The case against bottled water - PET beverage bottle

by:Maker     2020-01-20
The case against bottled water  -  PET beverage bottle
Canadians have long been proud of powerful rivers and beautiful lakes that have made the country one of the largest treasure houses of fresh water on Earth.
So, with regard to our society, we are increasingly choosing to drink bottled water, usually from foreign companies, which is a sad statement.
A recent study by Statistics Canada found that in 2006, 3 out of 10 households in Canada used bottled water as their primary source of drinking water.
The results are surprising because there are many good reasons to avoid drinking bottled water.
Many Canadians buy bottled water because they think it is safer and healthier than tap water.
Of course, the advertising of bottled water companies has left the impression on consumers-the companies are dominated by pictures of raw glaciers and mountain streams.
The reality is that water supply in Canada-with very few exceptions-is extremely safe.
In addition, according to Health Canada, there is no evidence to support the view that bottled water is safer than tap water.
In fact, if any, our tap water may be safer and healthier than bottled water.
Municipal water supply is more stringent than bottled water.
In Canada, the Canadian Broadcasting Corporation reported that local water supply equipment was inspected every day when bottling --
The water plant is inspected every three years.
In addition, according to MSN News, water-
The bottling plant only needs to test the coliform bacteria once a week, while most municipal water supply systems test the coliform bacteria several times a day.
Consumers should also consider the safety and health risks posed by the bottle itself.
Many plastic water bottles are made of chemical polyphenyl or PET.
A recent study by Dr.
William shottke, director of the Institute of Environmental Biochemistry at the University of Heidelberg, found that PET bottles would dissolve a dangerous toxin called antimony into the water they contain.
The study found that with the extension of the water residence time in the bottle, the content of antimony will rise.
Before reaching out to bottled water, Canadians need to consider the serious consequences of the water of their choice for the environment.
These measures include: the release of millions of tons of carbon dioxide into the atmosphere from manufacturing, transportation and marketing, which contributes to global warming;
Depletion of scarce energy and water resources;
Release toxic chemicals to our air, land and water;
And absorb the poison into the food chain.
According to the Pacific Research Institute, the energy needed to produce plastic bottles for the US market in 2006 alone is equivalent to 17 million barrels of oil, creating 2 barrels.
5 million tons of carbon dioxide.
The production of bottles also requires a lot of water, and the Pacific Research Institute estimates that it takes three liters of water to produce one liter of bottled water.
It also takes energy to fill the bottle;
Transport them to consumers by truck, train, boat or plane;
Cold storage;
Recycle, recycle or process empty bottles.
The Pacific Research Institute estimates that the total amount of energy used to provide consumers with a bottle of water may be equal to injecting oil into the bottle for 25 cents.
Unfortunately, most empty bottles-more than 85 cents, according to the David Suzuki Foundation-were thrown into the trash.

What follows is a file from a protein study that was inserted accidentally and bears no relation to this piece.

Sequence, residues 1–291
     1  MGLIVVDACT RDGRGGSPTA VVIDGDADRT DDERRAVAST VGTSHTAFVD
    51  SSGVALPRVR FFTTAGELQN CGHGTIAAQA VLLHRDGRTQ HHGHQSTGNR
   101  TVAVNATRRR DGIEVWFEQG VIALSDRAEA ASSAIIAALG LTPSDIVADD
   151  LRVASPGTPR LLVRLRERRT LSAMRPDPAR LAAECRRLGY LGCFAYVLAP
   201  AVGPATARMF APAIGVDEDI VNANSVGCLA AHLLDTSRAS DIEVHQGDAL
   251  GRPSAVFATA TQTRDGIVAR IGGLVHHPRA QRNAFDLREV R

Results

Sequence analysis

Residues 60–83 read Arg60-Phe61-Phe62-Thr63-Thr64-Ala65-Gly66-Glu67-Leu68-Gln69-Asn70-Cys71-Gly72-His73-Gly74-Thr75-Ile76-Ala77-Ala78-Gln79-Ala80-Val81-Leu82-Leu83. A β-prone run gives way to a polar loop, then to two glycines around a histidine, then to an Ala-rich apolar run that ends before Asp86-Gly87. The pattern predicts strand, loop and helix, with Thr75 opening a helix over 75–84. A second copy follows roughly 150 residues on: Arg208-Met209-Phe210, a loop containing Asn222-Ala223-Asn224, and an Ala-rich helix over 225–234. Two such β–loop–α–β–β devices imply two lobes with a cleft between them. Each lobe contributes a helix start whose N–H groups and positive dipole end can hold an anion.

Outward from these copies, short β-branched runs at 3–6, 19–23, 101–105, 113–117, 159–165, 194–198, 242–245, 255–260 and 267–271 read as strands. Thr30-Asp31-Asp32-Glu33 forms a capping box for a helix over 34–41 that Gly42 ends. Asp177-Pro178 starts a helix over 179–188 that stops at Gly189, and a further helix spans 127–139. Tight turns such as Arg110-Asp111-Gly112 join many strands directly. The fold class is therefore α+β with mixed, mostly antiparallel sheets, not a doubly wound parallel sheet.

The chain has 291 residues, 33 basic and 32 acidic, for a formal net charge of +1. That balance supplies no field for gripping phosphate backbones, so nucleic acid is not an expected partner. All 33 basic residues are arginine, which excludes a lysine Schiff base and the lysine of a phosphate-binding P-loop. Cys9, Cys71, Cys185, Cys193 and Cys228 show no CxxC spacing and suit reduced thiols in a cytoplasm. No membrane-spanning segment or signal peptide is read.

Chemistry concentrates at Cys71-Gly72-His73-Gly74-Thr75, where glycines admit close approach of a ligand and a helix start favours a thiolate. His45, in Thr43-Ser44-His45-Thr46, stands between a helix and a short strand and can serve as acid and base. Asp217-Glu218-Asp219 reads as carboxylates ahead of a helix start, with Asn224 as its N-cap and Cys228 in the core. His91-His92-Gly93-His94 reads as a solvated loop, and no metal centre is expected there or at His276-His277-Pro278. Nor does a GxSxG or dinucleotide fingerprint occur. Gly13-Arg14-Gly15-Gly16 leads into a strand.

Not only did the bottles disappear-they were either buried in a landfill or burned.
It will take 1,000 years for the buried bottle to be biodegradable and it may leak toxic additives into groundwater.
The burned bottle releases toxic chemicals into our air.
In addition, some bottles enter our oceans, where they break down into smaller and smaller pieces that can enter the food chain when they are eaten by marine animals and birds.
The economic benefits of bottled water are as surprising as health and environmental factors.
Although we don't think so, buying bottled water is a very expensive habit: a bottle of water is more expensive than a liter of gasoline.
If we buy a bottle of toonie from the vending machine every day, we spend more than $700 a year on the water.
In addition, bottled water is one of the most outrageous examples of price fraud. More than one-
Of the bottled water consumed by Canadians, only filtered tap water. Two of the top-
The brand sold in Canada is Dasani owned by Coca.
Aquafina, owned by Coca-Cola and beverage rival Pepsi.
As Pepsi was forced to admit last year, both brands drew water directly from the municipal water supply system;
Dasani uses water from Calgary and Brampton faucets, while Aquafina uses tap water from Vancouver and Mississauga.
Shocked, right?
These companies are using our tap water and in Canada our average price of tap water is less than $1
One in ten per liter, filter it out, even though it is already very clean and sold to us for thousands of times the original price.
Perhaps even more irritating is that consumers not only pay high prices for filtered tap water, but taxpayers also take water by allowing these companies, heavily subsidizes municipal systems built by these companies with their taxes at the back end.
From a marketing point of view, bottled water is undoubtedly one of the success stories of modern times.
However, from a social, environmental and economic point of view, the success of bottled water has created numerous problems.
In response to these problems, governments, universities, schools, companies and restaurants across the country have stopped buying and selling bottled water.
They were thinking before drinking. You can too.
Sean Petti is former chairman of the Liberal Party of the Standing Committee on Policy Development Canada, Manitoba.
Justin Trudeau is a Liberal candidate for the Papineau federal ride.
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